My big revelation, and this goes to the post’s headline, is my re-discovery of the Ambient genre and how perfectly it suits a day of concentration. In the mid-70s, when I was a college student, I had two roommates with very eccentric tastes in avant garde music. I’m talking stuff by Morton Subotnick, Sun Ra, Stomu Yamashta and most memorably, Brian Eno, in particular his Ambient 1: Music for Airports. For some reason, ambient is way back on my personal playlist these days.

I think of Eno as the father of ambient music — he’s a genius at elevating background noise from elevators and waiting rooms to high art. Another godfather of ambient has to be Vangelis, particularly his soundtrack for Blade Runner:

So, it’s strange as I age that my taste is music is not the chestnuts from my youth; one more rendition of Freebird or Green Grass and High Tides Forever and I’ll lose it. What’s surprising me is how my tastes have swung to utterly obscure musicians I would never have encountered were it not for the random intelligence behind Last.fm. So, with that said, here’s some names that deserve to be checked out. This is great music to plug into in the background when you’ve got other things to do.

  • Aphex Twin
  • Eskmo ( a favorite video)
  • Lorn
  • Boards of Canada (note the YouTube comment, “The Ultimate Homework-Doing Music”)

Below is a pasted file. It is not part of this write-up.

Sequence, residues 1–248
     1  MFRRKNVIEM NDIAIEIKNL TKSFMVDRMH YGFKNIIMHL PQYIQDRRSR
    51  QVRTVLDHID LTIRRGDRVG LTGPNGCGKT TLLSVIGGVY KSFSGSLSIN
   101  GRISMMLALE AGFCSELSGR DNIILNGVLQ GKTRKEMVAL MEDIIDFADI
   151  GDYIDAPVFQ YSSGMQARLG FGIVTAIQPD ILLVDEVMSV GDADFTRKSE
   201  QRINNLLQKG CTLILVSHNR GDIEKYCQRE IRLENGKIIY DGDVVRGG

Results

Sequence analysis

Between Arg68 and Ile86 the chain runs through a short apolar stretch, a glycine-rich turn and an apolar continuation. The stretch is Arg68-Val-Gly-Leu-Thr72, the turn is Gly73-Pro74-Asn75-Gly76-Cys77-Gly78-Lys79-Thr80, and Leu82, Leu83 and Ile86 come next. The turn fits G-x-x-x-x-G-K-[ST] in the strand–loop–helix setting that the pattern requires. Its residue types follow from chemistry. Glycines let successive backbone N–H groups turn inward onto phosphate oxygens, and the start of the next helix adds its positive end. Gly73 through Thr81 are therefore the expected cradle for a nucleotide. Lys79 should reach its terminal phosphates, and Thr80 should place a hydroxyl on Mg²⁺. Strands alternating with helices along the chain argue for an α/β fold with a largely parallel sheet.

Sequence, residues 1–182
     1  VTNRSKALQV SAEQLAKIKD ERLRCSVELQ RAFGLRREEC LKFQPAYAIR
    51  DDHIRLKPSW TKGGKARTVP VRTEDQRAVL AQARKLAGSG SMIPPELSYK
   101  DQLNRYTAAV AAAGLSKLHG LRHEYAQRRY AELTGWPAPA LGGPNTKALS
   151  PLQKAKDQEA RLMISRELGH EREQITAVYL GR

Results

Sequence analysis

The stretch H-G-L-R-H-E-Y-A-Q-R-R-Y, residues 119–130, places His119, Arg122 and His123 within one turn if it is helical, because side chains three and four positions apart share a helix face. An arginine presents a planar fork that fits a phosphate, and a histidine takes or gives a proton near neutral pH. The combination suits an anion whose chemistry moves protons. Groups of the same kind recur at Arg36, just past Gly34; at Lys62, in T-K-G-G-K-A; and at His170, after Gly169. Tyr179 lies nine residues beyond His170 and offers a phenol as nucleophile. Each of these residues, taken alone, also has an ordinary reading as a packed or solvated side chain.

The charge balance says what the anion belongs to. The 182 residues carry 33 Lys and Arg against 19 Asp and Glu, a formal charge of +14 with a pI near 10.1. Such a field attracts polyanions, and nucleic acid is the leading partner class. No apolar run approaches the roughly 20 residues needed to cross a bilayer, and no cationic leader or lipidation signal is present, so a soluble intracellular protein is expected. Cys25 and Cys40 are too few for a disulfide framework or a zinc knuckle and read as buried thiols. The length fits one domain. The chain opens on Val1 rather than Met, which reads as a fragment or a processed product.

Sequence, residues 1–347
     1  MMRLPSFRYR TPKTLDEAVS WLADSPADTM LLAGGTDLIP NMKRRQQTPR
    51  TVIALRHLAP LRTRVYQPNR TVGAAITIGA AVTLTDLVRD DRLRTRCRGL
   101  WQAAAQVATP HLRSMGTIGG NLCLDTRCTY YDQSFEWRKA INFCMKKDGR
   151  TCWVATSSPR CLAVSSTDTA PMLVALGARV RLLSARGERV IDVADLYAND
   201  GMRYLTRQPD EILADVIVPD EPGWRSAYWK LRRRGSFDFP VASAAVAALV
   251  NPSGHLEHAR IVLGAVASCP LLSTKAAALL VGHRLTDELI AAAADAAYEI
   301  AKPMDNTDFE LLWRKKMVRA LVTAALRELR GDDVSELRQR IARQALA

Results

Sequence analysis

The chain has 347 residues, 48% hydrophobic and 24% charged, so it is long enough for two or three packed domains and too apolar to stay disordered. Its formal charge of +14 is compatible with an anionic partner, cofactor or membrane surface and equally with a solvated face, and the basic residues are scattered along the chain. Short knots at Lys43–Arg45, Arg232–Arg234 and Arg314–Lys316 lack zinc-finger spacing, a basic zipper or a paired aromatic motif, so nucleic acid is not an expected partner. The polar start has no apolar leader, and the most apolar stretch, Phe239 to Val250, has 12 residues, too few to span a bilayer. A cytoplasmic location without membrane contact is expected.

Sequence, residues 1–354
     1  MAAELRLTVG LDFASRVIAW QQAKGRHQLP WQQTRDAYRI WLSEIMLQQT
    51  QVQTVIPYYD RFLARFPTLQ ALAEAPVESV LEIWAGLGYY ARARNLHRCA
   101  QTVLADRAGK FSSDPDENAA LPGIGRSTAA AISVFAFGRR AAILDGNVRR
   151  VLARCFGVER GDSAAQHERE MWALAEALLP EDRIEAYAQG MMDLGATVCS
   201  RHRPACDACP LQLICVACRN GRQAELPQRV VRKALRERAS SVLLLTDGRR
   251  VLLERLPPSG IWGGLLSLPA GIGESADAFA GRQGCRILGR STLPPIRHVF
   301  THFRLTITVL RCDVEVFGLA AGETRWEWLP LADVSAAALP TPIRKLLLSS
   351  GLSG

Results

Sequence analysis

• Carbon Based Lifeforms
  • Loscil
  • Stendeck
  • Totakeke
  • Monolake
  • Robot Koch

 

*: My erg playlist, from 2006 pretty much is holding firm. Suggestions always welcome as “erg playlist” seems to be a top search term driving people to this blog.

  1. Scum of the Earth: Rob Zombie
  2. Who Was in My Room Last Night: The Butthole Surfers
  3. Jesus Built my Hot Rod: Ministry
  4. Ain’t my Bitch: Metallica
  5. Rusty Cage: Soundgarden
  6. Sex Type Thing: Stone Temple Pilots
  7. New World Order: Ministry
  8. Hey Man, Nice Shot: Filter
  9. My Own Summer – Deftones
  10. Astro-Creep: White Zombie
  11. Them Bones: Alice in Chains
  12. Time Bomb: Godsmack
  13. Blizzards, Buzzards, Bastards: Scissorfight
  14. Du Hast: Rammstein
  15. God Save the Queen: Sex Pistols
  16. You Think I’m Not Worth a Dollar, But I Feel Like a Millionaire, Queens of the New Stone Age
  17. Jump Around: House of Pain
  18. Liberate: Slipknot
  19. She Sells Sanctuary: The Cult
  20. California Uber Alles: The Dead Kennedys

Author: David Churbuck

Cape Codder with an itch to write

1 thought on “Modern Muzak”

  1. Churbuck,

    I’m also a huge ambient fan. If you haven’t explored the genre, may I recommend library music. BBC Radio aired a great segment describing library music. I recommend checking it out: http://www.bbc.co.uk/iplayer/episode/b01061hr/Into_the_Music_Library/

    The music is definitely somewhat odd a lot of the time, but it also works especially well for background sound when working, reading, etc…after all, it was manufactured to create a specific ambiance.

    I have hundreds of library music albums and am happy to share some of the best tracks if you’re interested.

    Like